After Creditor went to college, Sanders became co-captain of the team. He began training with new partners who also ran distance, Lou Howort and Danny Jalinsky. With another runner, they ran the distance medley, a relay in which a team of four runners cover a quarter-mile, a half-mile, three-quarters of a mile and a full mile, in series.

"Bernie was a very well-known runner from his freshman year," Howort said about Sanders when we spoke this week. Sanders was "probably the top runner in the city for ninth graders," he said. "He was an elite runner at that point."

Howort came to Madison as a sophomore and was a foot shorter than Sanders. By the time both were juniors in the 1957-1958 school year, Howort was a strong runner, too. "I think he underestimates himself when he says he was just a good runner," he said of Sanders. "Was he a great runner? Maybe not. But he was a very good runner. He was better than just 'good'."


Sanders, circled. Howort is pictured in the top row, two to the right of the coach (who is wearing a tie). (Courtesy of Lou Howort)

Howort remembered the race in which the Scott twins edged out Sanders; as you may have noticed above, he had come in fourth.

As a team, Automotive regularly beat Madison, as it did that day in Van Cortlandt Park. While springtime track and field events could attract tens of thousands of spectators, long cross-country competitions up in the Bronx were more sparsely attended. The athletes would cluster at the beginning of a wide field, near Broadway, and then run a few football-field-lengths into a hilly woods. Once they came out of the woods, they ran across a bridge and back into the flat field for the finish.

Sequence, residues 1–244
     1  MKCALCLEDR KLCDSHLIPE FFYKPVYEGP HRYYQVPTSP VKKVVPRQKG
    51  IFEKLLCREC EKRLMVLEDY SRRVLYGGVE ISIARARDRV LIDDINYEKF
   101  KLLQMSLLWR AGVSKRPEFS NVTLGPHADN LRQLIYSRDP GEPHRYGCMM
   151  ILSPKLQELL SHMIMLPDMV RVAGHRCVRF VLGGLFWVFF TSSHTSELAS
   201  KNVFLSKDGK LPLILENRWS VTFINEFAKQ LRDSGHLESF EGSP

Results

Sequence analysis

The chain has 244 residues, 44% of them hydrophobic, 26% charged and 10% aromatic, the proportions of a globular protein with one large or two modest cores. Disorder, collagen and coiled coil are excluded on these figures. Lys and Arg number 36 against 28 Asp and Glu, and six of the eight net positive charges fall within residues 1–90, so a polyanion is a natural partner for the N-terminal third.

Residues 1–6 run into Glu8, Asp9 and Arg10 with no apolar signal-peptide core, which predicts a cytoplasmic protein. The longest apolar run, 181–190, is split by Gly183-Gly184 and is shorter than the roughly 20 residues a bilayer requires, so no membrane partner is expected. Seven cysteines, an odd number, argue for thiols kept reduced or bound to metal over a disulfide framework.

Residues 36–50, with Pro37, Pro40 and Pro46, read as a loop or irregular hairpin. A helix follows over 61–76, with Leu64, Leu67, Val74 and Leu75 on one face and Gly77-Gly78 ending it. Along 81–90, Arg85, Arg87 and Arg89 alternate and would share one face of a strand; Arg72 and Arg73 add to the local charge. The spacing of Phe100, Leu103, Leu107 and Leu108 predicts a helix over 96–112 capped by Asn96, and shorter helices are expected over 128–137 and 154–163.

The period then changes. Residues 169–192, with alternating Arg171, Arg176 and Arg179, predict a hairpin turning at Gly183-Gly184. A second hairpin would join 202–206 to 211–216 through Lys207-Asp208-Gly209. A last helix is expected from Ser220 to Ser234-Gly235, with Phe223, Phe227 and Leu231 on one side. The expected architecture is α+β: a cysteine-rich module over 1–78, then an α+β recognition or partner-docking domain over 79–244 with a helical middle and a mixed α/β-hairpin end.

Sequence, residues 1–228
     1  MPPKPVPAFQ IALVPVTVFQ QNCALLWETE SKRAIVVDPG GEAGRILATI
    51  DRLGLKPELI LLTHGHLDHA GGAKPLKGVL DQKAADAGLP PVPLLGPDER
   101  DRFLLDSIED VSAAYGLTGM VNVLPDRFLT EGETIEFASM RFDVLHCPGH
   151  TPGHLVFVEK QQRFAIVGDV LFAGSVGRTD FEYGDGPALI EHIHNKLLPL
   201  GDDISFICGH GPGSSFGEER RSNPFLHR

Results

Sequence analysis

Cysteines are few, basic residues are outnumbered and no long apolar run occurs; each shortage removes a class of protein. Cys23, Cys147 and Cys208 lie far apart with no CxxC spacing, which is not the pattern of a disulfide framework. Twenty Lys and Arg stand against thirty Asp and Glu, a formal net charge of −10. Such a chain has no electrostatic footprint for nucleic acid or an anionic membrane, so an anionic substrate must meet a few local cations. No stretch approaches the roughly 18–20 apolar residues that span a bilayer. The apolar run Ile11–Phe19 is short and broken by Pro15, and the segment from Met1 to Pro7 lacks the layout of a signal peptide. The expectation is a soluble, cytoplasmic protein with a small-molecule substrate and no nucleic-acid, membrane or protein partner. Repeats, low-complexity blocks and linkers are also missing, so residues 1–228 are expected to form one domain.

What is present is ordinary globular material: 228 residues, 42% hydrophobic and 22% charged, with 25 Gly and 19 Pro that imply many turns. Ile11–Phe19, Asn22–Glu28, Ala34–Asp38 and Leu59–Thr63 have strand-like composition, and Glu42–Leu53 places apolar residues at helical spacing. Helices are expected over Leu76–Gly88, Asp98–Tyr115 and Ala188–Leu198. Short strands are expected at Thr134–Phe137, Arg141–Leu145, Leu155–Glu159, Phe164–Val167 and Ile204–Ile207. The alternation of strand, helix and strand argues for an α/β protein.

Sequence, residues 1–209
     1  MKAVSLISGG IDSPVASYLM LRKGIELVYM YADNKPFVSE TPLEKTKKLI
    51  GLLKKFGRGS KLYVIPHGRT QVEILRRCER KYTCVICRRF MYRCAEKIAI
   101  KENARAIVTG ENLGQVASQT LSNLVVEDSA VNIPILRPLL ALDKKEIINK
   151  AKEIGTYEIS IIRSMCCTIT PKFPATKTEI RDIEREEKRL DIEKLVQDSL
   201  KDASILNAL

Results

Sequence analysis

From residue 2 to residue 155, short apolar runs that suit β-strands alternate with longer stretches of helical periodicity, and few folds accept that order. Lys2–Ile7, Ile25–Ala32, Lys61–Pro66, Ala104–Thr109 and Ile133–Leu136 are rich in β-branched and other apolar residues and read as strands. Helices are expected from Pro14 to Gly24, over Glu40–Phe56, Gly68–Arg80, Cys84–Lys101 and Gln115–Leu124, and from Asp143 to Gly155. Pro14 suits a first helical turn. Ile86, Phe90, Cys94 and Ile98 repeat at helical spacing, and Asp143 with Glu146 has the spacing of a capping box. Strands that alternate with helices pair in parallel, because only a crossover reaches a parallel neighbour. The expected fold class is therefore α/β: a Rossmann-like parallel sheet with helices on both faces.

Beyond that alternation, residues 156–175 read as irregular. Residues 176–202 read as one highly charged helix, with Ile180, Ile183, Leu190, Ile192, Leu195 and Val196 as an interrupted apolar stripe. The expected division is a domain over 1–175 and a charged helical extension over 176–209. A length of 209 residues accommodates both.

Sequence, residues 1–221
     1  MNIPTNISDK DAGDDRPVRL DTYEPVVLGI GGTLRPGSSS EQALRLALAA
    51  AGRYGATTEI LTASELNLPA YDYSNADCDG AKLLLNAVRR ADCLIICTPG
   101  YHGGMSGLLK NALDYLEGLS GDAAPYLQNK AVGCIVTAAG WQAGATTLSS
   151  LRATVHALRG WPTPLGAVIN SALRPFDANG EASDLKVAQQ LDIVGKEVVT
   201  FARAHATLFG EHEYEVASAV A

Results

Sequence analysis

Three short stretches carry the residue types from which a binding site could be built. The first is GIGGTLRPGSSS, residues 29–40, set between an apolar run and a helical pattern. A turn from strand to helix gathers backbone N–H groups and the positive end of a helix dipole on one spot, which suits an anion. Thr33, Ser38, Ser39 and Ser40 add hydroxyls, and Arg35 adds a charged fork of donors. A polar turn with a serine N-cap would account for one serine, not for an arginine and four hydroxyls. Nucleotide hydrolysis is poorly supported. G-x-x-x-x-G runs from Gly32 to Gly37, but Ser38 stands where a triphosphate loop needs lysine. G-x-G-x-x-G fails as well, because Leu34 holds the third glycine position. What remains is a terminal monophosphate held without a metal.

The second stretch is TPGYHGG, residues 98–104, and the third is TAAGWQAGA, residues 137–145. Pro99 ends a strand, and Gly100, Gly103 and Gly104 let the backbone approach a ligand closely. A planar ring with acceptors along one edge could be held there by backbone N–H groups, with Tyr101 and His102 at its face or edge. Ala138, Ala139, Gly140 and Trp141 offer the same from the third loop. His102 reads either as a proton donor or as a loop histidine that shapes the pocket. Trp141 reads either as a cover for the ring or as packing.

That day, Clarence Scott ran the two-and-a-half miles in 14 minutes, nine seconds, followed by his brother (two seconds behind), Sanders (seven seconds behind) and Howort (eight seconds behind). The Scotts usually won, Howort noted -- until the last race of his senior year.

But people knew Madison for the distance medley. Howort, Sanders and Jalinsky would train for that four days a week by running "quarter-mile repeats," running a quarter mile, jogging for 220 yards and then running another quarter-mile, over and over. They'd switch off who ran the lead and who got to run behind, drafting off of the leader, and they got to know each other well.

Howort somewhat jokingly suggests that this may be why he, like Sanders, identifies as a socialist. "I don't know what was going on in that school, but both of us came to similar conclusions," he said. He said he hasn't voted for a Democrat or Republican in decades.

He's planning to vote for Sanders because the senator is a "straight-up, honest guy" and "what he says he's going to do, he will." "I know for sure he honestly believes what he's running on," Howort said, "because he's been running on it for 30 years."

"I'll tell you," he said, "if Bernie Sanders's name was 'Trump' and I went to school with Trump, I'd have nothing to do with the guy. Even if I ran with him on the track team, it wouldn't matter."

Some might see a metaphor buried in here -- a tale about a guy who is a surprisingly strong runner, who comes in 18th in the race that makes the papers but wins races that no one expects, about a guy who comes from out of nowhere, trains hard and makes the competition nervous.

But this is just an article about sports.